The one product I have included in this short survey despite not buying it locally is Huel, a relatively new “nutritionally complete powdered food”. Huel is stocked as a drink in the Co-op, but I buy it in powder form direct from the company, delivered in two cumbersome, expensive, 1.5kg packets. I have it for breakfast. What this research has shown me is that when buying for protein, Huel is actually cheaper than pork, chicken and fish – at 21 grams for a quid.
The league of high-protein-and-low-cost foods is then dominated by animals. I found that Co-op- branded Organic Fresh Semi-skimmed Milk contains 24 grams of protein for each £1 of product. The Co-op’s British Chicken Breast Fillets provide 21 grams, and Mackerel Fillets in Tomato Sauce (tinned) have 18 grams, while Richmond Thick Pork Sausages give you 16 grams. Fresh fish – in this case the Co-op’s farmed Salmon Fillets – is more expensive, with less than nine grams.
This makes no sense, because animals eat far more protein – very often legumes – than they produce in meat. This use of natural resources should be reflected in the price.
But the cost of making animal protein has been massively reduced by cruel factory farming, misplaced subsidies and economies of scale. If anyone reading this believes in the free market, you need to start lobbying for the massive government support for the meat industry to stop now.
What was still surprising to me, though, was that meat did not massively outperform vegan foods when it came to the cost of eating protein. Bog standard Co-op Easy Cook Long Grain Brown Rice packed 16 grams of protein into £1 of produce. This is very nearly the same as Richmond Thick Pork Sausages. When you think protein, do you think rice? I certainly didn’t. Chickpeas are also great – coming in at just under 16 grams.
Tofu, the thing vegans are constantly being told to eat for protein, will get you 15 grams of protein for £1 spent on the basic product from The Tofoo Co. Then we have less packed but still worth buying products such as Co-op Houmous, at eight grams; Co-op Closed Cup Mushrooms will get you less than three grams of protein per £1.
There are also the more recent, more processed vegan products that have been specially formulated to have high protein content. These have been manufactured to taste and look like meat. They are being placed by supermarkets next to beefburgers and pork sausages more often these days. These products are a good choice for vegans but also appeal to meat eaters who don’t want high-fat, high-calorie products in their or their children’s meals.
The products stocked by the Co-op in Bournemouth include The Incredible Burger, which has 15 grams of protein in every £1 of spend; Better Naked Evolution Burgers, which come pretty close with 11 grams, and Alpro’s Plain Yoghurt Alternative, which will give you precisely 10 grams of protein for the same money.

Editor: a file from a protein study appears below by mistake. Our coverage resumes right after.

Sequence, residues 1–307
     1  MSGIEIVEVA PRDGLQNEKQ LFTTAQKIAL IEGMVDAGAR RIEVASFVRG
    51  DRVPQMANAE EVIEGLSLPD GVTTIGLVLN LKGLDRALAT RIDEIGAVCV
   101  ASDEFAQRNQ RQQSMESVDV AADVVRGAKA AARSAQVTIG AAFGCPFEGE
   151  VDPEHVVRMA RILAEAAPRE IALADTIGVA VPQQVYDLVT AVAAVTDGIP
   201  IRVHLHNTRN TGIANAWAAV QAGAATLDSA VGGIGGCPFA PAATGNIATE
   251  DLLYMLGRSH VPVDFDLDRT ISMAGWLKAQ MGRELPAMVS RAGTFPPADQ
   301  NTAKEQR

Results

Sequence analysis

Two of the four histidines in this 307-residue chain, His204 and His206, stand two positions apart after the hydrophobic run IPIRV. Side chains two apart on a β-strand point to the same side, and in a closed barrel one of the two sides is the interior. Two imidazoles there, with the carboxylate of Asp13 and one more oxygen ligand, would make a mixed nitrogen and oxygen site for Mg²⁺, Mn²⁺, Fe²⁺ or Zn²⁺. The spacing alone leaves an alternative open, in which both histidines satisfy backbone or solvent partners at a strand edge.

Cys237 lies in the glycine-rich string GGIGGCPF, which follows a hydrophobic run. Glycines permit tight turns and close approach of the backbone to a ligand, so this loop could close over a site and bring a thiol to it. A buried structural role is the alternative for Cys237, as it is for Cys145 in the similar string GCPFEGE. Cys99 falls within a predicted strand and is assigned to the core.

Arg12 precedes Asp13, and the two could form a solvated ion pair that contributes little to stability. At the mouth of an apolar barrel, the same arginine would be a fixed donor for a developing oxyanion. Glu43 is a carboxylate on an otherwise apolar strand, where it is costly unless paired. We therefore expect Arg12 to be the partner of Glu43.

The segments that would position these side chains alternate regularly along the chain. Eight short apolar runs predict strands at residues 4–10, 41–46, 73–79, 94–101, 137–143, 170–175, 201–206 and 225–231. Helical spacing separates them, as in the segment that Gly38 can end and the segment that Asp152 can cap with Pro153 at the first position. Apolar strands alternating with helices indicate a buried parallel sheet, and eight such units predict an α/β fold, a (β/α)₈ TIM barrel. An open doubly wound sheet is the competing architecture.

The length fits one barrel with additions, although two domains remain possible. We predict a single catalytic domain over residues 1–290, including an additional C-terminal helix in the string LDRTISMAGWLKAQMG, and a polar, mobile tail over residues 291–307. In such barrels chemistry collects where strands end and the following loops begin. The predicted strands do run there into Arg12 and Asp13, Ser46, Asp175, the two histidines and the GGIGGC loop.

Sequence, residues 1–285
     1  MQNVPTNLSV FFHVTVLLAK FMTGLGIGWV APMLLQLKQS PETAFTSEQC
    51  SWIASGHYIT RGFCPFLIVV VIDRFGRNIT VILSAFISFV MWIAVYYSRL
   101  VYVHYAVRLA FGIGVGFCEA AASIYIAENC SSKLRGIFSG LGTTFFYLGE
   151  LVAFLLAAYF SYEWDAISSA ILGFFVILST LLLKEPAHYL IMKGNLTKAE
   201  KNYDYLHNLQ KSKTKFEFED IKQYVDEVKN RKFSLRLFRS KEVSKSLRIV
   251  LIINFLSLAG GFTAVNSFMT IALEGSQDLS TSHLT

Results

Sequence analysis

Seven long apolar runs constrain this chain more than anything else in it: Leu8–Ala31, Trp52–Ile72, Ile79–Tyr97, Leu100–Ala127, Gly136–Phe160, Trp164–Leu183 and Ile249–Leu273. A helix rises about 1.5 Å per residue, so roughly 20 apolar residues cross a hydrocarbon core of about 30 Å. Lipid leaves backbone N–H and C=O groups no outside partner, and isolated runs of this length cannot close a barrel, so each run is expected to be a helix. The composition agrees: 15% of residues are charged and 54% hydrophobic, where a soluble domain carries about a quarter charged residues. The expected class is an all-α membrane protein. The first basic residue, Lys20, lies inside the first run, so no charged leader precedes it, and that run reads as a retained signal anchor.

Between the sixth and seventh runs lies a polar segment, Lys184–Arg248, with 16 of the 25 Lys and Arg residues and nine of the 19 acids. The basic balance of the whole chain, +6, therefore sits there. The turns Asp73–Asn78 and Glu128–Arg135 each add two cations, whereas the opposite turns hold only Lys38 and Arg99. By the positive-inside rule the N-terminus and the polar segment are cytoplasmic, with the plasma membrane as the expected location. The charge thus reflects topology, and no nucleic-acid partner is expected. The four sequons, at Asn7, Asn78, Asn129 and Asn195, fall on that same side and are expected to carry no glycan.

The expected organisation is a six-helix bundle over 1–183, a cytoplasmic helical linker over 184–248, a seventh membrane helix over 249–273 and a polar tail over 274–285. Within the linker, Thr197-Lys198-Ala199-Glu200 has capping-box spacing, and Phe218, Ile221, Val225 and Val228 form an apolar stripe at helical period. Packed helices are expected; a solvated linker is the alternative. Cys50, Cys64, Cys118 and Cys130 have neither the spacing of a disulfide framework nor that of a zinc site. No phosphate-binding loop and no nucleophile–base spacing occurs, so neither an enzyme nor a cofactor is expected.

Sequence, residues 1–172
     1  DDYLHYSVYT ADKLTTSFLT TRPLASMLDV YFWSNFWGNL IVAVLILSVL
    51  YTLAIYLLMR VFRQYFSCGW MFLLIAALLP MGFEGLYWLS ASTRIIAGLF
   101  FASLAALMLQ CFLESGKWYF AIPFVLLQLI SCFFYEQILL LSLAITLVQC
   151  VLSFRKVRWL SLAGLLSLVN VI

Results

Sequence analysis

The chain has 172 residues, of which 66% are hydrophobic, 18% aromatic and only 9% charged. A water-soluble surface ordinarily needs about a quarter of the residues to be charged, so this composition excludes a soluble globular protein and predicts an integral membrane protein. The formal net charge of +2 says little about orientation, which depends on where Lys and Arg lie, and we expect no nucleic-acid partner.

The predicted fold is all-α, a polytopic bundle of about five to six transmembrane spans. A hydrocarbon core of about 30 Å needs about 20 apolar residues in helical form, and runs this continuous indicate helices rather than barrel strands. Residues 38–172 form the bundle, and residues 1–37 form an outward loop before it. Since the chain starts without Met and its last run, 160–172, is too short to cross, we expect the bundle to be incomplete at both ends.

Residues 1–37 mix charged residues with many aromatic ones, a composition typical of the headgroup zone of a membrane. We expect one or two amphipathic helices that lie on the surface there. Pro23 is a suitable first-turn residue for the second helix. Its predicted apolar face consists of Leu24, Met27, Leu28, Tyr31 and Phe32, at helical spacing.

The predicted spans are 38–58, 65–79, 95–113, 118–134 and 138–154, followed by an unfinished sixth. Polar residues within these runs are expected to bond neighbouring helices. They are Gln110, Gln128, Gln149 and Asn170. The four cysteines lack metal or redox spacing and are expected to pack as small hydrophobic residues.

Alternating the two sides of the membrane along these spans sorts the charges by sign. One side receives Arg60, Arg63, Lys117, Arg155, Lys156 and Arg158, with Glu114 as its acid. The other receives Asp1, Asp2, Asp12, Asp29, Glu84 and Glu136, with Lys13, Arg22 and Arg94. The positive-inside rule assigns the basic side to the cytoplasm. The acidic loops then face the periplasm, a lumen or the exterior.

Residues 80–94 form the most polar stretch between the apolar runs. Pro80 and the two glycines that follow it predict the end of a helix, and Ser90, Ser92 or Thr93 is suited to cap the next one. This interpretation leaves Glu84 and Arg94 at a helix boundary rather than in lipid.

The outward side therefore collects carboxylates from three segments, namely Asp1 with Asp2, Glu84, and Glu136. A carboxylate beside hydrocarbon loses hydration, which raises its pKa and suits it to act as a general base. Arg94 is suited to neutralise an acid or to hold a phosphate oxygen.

Surprisingly, Quorn Vegan Smoky Ham Free Slices have less than six grams of protein for every £1 you have to spend, according to my figures. Quorn was meant to be a scientific breakthrough, creating a whole new protein from fungus. But as we can see, when it comes to how much Quorn products will cost you at the till, they are only just a bit more than twice as protein-filled as your ‘common or garden’ mushroom.
For a vegan diet to be healthy it needs to have enough protein – but not too much fat and sugar. Protein makes calories, and excess protein is converted by our bodies into sugar and stored as fat. The problem is that cheaper foods often include some protein but much more fat and carbohydrates (starch and sugar). Increasing protein in the diet can thus also mean increasing calories to an unhealthy level.
The Harvard University School of Public Health discusses the fact that foods eaten for protein always contain other things – including fat in varying amounts. Its experts advise that the nature of this “protein package” determines your health outcome. It is also worth noting that in the United States and other heavily industrialised countries, most people eat too much meat – and therefore actually eat too much protein.
The leading item for high-protein and lower-calorie meals in my study is Co-op British Chicken Breast Fillets, which I calculate provide 0.23 grams of protein for every calorie. This is followed by Quorn Vegan Smoky Ham Free Slices, with 0.14 grams of protein per calorie but less than half the calories.
After that comes the mighty mushroom, with 0.13 grams of protein per calorie. The next three items on my list are all vegan: Naked Vegan Tofu from The Tofoo Co., at 0.1 grams, and then black-label Huel and Heinz Beanz, both slightly lower but rounding to 0.1 grams.
What this first finding proves to me is that vegan food can provide protein without being unhealthy. This is true of old-fashioned legumes and the other vegetables, as well as the more processed recent vegan alternatives.